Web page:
03 May 2013

Touring the Outer Hebrides Part II: The Isle of Barra

View of Castlebay as the ferry approaches
We arrived on Barra just before sunset and made our way the 5km or so to Vatersay, on the recommendation of both of the other cyclists on the ferry. It's a tiny island connected to Barra by a causeway, with beautiful beaches and very quiet. We managed to find the spot where apparently everyone wild camps, a stretch of machair and beach on both sides of the road. We later learned that there are public toilet facilities at one end of this area which we did not know to take advantage of - but we didn't miss them. We cooked a quick dinner of filled pasta with bacon and tomato sauce, and fell asleep to the sound of the waves gently breaking on the sand. We didn't know it yet, but we'd be camping next to the beach almost every night of the trip.

Our Vatersay campsite in the morning
We awoke to glorious sunny skies, if a bit cold. We were in no hurry as we planned to spend a second night on Barra (and it really is not that big!) so we went for a bit of a walk after breakfast, checking out some of our surroundings. It was very quiet, with just two other people camping in the area. I can imagine in the summer the space gets much more full of tents.

Beach on the other side of our camp spot
We explored the rest of Vatersay (there's not very much of it!) and then headed back onto Barra where we made a beeline for Castlebay. By this time it was nearly midday so we were thinking about food again! We explored the town (which took all of about 10 minutes) and stopped in at the tourist information office where they didn't seem to be so informed about the flights arriving and leaving from Barra airport - which was on our list of things to see. Luckily we had phone signal so were able to check on the internet and time our trip around the island accordingly.

Vatersay -- Cariribean or Outer Hebrides?
We ate lunch in Kismul Cafe right on the harbor, which features heavily in the BBC reality series An Island Parish that first alerted us to the existence of Barra. I felt a bit starstruck walking inside, as everything looked exactly as it did on TV! About halfway through our meal the owner of the cafe walked in who I had seen many times on the programme  - about as close to a celebrity as someone in the Outer Hebrides can get I imagine!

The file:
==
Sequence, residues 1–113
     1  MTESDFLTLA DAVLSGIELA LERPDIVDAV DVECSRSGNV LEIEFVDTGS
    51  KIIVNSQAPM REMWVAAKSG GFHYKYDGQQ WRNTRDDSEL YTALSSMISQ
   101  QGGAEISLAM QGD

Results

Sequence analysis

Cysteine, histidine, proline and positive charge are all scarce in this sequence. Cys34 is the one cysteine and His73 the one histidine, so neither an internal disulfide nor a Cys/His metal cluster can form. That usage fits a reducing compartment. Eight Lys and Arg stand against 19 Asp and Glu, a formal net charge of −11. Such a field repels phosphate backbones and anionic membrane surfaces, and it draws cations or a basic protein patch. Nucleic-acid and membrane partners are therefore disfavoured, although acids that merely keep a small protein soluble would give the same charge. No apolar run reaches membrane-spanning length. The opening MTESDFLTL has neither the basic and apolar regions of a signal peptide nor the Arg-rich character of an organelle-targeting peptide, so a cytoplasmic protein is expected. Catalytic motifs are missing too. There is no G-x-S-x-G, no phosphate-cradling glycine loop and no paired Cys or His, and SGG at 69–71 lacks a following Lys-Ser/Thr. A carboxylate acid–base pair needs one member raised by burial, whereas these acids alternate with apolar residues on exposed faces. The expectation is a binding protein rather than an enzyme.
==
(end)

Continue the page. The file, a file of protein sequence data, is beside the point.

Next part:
Exploring Barra
After lunch we set off counter-clockwise around Barra, which had some good hills but even better views. We made it to the airport with about an hour to spare so explored the peninsula to the north of it before heading back, eating a quick snack in the shelter from the wind, and waiting to watch the flight come in. Barra airport is the only one in the world that uses a beach as a runway for its regurlarly scheduled flights. The beach at low tide is expansive, but the flight times have to change a few minutes each day to stay in line with the tides. Alberto really wanted to stay and see the flight land and take off again, so we did. We had a quick tea in the airport's cafe (also the departure area -- the place was tiny) and then continued on our way around Barra.

Flight landing at Barra Airport
We decided that we could do with a shower after two nights of wild camping so we headed to the campsite near Borve on the west side of the island. It is a small campsite, with not a lot of room for actual tents, but we were the only tent staying there (along with a few campervans) so it worked for us. The facilities as still being worked on but there were really nice hot showers, a kitchen area with kettle and microwave, and a washing machine that was in the process of being installed. Much nicer than many of the campsites we've been to England, and all for £12 for the two of us.

We enjoyed our showers so much that it was again dark as we set to cooking dinner--egg noodles and veggie "stir fry" with a sweet chili sauce, plus some microwaveable rice packets as a second course. It was great to make use of the kitchen facilities for some of this and I can imagine if it was wet outside the kitchen would be a godsend.

Borve campsite
We woke up at what we believed to be 7am, plenty of time to get the 11am ferry to Eriskay... until we realised a few moments later that we had forgotten about the start of British Summer Time and it was actually 8! We packed relatively quickly and were fortunately able to get hot water from the kettle which made breakfast a lot quicker as well. It still took a good two hours, and we were on the road by 10:05 to cycle the 45 minutes to the ferry terminal (near the airport). We made it pretty much right on time!

(to be continued!)

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